How did you get interested in astronomy?
When I was a teenager my family moved out of Edinburgh to the countryside - the sky was so clear at night you could even see the Milky Way! I wondered about all the stars I could see and was frustrated that I couldn’t even tell a bright star from a planet so I printed out a star map and started learning as much as I could. A few years later I was doing a BSc in Astrophysics at The University of Edinburgh, which I followed up with an MSc in Space Science at University College London. I especially enjoyed my course on Solar Physics so I decided to continue my studies by doing a PhD.
What are you working on?
I’m currently finishing up my PhD at the University of Central Lancashire where I’m studying Solar Coronal Loops. These loops structures make up all the coronal features we observe, but there are still many unanswered questions about how they form and evolve. Using new data from the Solar Dynamics Observatory (SDO) gives us the best chance to get to grips with what’s happening on the Sun in amazing detail. This image from SDO is of coronal loops at around 1 million degrees on the edge of the Sun (credit NASA).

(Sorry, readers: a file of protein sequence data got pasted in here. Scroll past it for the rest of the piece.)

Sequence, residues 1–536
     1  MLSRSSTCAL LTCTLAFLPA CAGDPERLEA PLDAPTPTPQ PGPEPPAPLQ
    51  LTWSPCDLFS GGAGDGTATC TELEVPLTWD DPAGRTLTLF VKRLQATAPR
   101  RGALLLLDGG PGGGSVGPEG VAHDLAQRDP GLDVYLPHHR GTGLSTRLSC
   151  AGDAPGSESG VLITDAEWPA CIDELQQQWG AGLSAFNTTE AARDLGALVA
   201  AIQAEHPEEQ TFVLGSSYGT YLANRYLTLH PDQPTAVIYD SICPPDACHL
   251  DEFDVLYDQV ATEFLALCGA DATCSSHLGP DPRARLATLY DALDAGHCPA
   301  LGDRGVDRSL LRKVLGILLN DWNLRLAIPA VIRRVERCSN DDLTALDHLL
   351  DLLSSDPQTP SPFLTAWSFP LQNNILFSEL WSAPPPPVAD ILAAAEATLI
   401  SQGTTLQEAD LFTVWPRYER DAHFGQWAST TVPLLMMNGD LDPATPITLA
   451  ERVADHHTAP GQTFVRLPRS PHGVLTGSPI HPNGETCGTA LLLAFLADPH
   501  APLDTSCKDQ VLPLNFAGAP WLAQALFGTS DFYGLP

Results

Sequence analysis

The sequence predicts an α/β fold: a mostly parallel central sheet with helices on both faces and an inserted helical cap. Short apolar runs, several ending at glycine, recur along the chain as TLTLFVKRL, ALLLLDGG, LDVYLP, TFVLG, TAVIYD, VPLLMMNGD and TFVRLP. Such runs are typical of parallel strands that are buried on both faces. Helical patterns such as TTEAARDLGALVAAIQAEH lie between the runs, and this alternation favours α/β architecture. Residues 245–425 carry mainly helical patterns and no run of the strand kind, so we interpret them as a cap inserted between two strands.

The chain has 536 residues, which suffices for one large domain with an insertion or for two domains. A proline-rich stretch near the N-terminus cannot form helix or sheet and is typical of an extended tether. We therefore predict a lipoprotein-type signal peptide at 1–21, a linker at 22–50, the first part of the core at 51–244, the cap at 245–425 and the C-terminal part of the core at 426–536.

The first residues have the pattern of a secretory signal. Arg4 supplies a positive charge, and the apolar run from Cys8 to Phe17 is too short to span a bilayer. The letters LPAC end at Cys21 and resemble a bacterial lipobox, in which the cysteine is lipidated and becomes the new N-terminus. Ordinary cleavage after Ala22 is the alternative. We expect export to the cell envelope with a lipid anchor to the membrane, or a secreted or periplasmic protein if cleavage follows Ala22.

Any magic moments?
My first big conference was in northern Finland and was on space weather. It was in a great location and, although the lectures were great, the highlight was definitely seeing the aurora. Luckily, although the Sun was at the minimum in its cycle at the time, the sky was clear enough for us to see it.
Aurora seen at the conference dinner in held at the Sami Chalet, north of Saariselka in Finland.
Photo credit Professor Nir Shaviv.
Any advice for students wanting to go into Astrophysics?
Definitely take physics and mathematics classes as far as you can – they’ll be an invaluable foundation when you start your university course. Visiting an observatory or planetarium is also useful as you’ll learn a lot, but it’s also great fun and can inspire you to keep up your studies.